Once I heard this, I even began to feel a bit sorry for these people, especially the one woman who finally did the right thing and gave me a $75 credit, a move that will probably get her terminated. [Note: I was flying with a co-worker who was trying her luck three windows down, where the aforementioned supervisor was categorically refusing to acknowledge that she could offer such a credit. Eventually, my co-worker wandered up to the rep I’d initially been dealing with and got the same $75 credit. So at this point you have a system that’s both ill-tempered and inconsistent. And for what it’s worth, being undercut by the other rep did nothing to improve the supervisor’s humor.]

I mean, look at them. Look at the job they have to do. For starters, any customer service job is going to put you at the mercy of the occasional jackass, the blustering boob job who nobody respects because he’s a tool, and who takes every opportunity to bully those who, for fear of getting canned, can’t give him the swift, steel-toed boot to the balls he so richly deserves.

But unless these women were all lying to us, United is doubling down on their reps, taking away the one salvation of the customer service job: the ability to actually help customers who genuinely need it. You work the counter for a lot of companies (or wait tables or staff a call center) and at the end of the day you can feel good about yourself, because once or twice during your shift you made the day a better place for a genuinely nice, deserving human being. That person left the counter smiling, and they left you smiling.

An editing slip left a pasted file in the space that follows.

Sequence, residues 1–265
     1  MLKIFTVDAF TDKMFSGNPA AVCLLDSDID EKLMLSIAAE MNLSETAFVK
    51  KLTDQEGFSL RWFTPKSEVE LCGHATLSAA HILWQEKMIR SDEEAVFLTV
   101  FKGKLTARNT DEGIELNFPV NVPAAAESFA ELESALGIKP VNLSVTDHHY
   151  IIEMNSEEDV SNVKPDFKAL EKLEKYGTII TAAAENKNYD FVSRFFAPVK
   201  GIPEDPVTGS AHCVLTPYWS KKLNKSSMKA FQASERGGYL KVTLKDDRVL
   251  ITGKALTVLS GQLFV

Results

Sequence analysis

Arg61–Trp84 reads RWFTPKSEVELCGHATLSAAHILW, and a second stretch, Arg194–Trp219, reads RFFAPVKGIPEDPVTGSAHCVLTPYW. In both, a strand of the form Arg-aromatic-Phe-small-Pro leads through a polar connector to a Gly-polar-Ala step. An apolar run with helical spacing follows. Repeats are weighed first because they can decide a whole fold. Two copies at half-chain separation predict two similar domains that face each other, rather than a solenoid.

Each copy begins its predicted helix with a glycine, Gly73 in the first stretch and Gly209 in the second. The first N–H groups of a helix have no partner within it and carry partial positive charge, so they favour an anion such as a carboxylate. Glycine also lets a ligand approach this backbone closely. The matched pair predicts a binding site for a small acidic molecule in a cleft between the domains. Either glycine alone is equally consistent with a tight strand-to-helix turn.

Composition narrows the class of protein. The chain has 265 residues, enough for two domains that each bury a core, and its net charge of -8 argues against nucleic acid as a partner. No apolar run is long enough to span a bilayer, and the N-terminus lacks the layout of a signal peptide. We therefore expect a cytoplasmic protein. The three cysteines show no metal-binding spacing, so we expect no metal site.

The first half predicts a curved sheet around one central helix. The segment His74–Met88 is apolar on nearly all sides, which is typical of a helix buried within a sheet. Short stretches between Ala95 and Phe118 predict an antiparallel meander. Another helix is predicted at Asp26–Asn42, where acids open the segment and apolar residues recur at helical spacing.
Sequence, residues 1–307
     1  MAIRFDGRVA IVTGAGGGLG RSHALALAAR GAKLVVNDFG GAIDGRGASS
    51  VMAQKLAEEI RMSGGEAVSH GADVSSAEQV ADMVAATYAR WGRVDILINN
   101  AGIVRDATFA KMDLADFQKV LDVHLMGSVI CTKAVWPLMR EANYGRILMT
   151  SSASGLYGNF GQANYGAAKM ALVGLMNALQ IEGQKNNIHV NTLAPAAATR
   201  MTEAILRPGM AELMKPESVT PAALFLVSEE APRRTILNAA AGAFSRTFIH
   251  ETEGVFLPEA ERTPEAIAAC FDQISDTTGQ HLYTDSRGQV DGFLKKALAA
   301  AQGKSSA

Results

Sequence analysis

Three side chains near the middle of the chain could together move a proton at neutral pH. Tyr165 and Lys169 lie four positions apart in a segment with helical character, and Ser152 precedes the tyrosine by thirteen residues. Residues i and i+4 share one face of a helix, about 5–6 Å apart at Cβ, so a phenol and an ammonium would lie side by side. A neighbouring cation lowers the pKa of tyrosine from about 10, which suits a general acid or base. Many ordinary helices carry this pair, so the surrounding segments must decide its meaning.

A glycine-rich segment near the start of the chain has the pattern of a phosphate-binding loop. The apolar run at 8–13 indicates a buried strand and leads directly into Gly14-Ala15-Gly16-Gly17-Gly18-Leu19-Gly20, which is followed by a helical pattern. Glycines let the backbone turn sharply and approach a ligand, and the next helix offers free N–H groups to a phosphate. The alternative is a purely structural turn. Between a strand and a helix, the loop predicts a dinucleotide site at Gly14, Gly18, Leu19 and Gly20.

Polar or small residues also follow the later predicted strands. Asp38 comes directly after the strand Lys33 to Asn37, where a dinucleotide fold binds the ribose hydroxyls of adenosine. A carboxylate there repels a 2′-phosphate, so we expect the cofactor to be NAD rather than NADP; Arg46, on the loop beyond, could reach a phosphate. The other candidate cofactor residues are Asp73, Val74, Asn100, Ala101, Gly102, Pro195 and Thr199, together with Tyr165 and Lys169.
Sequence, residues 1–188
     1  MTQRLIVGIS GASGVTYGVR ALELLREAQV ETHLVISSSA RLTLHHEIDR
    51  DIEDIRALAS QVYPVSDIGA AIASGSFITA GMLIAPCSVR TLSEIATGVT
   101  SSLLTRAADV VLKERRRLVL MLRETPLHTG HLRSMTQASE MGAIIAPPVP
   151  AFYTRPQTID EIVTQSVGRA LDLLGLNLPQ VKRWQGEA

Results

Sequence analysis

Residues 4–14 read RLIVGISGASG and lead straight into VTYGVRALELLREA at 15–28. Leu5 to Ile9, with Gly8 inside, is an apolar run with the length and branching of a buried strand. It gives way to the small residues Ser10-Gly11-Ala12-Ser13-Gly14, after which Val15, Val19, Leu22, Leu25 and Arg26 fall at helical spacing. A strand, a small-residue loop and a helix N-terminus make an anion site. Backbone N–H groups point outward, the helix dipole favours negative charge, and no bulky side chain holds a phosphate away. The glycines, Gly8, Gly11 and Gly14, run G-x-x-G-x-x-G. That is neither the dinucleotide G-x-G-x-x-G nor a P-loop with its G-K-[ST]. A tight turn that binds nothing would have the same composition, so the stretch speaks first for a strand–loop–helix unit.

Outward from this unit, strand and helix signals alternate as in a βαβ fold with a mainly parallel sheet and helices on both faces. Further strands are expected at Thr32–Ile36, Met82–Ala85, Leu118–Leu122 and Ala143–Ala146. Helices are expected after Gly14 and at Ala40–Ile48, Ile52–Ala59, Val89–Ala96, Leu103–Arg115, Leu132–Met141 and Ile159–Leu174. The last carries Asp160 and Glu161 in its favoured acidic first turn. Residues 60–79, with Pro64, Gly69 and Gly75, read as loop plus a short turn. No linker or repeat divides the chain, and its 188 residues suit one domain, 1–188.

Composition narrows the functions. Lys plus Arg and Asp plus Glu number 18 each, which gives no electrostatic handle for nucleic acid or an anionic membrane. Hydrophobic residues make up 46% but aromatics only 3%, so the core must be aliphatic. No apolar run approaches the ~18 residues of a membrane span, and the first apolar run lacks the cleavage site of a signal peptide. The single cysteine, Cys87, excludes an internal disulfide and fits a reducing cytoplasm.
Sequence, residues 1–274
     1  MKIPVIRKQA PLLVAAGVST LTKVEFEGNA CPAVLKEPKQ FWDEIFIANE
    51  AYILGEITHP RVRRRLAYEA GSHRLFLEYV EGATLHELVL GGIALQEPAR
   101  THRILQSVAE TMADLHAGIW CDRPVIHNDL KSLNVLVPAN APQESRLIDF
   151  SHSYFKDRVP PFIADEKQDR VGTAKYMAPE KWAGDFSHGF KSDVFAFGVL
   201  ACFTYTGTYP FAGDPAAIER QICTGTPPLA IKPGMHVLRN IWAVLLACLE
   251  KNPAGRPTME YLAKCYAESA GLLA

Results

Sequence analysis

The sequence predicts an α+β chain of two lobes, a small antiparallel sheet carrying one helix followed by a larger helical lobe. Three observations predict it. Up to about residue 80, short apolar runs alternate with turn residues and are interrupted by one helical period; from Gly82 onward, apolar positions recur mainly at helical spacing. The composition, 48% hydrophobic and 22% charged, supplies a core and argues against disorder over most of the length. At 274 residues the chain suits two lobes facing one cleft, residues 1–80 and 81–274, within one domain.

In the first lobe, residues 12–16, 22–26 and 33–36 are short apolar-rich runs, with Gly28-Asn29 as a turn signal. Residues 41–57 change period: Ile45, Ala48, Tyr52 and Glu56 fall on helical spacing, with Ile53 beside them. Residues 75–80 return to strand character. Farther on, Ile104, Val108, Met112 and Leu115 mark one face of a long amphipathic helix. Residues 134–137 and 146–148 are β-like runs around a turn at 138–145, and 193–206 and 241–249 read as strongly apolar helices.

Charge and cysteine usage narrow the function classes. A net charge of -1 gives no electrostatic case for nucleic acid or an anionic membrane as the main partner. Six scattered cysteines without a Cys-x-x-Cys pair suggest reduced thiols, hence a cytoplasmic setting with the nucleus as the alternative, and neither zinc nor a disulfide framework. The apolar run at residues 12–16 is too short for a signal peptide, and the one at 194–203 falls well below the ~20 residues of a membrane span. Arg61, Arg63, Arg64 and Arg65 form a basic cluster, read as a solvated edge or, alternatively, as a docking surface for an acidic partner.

With United, it’s like they have a camera monitoring the Disservice counter, and if they catch anybody smiling, asses will be whipped and names will be taken.

You can see the toll it takes just by standing off and watching a United desk. Many of these poor people hate your fucking guts before you even get to them. There’s minimal chance of a happy encounter – with many other companies you at least get to begin your complaint on a pleasant note, even if it eventually turns contentious. But United reps know they’re not allowed to help you, and as such all customers (or at least a lot of them) are automatic failures, guaranteed to leave unsatisfied, guaranteed resentments, guaranteed losses. The game is over before it begins. It’s a forfeit.

You know what? If you put me in a situation like this, I’d probably be pretty damned surly after a few months, too.

But what are you going to do in a job market like this one? It’s not like you can walk away from United and find dozens of even better jobs to choose from. So you buckle down, punch the clock and take your beating, I guess.

I guess. But then there was this, the oddest single exchange in the whole encounter. The supervisor (and if she ever gets into Hell Satan won’t last ten minutes), explaining that if she did what I was asking she would probably get fired, snarled:

Sir, I like my job and don’t want to lose it.

Damn. You have to wonder what makes somebody like this tick, don’t you?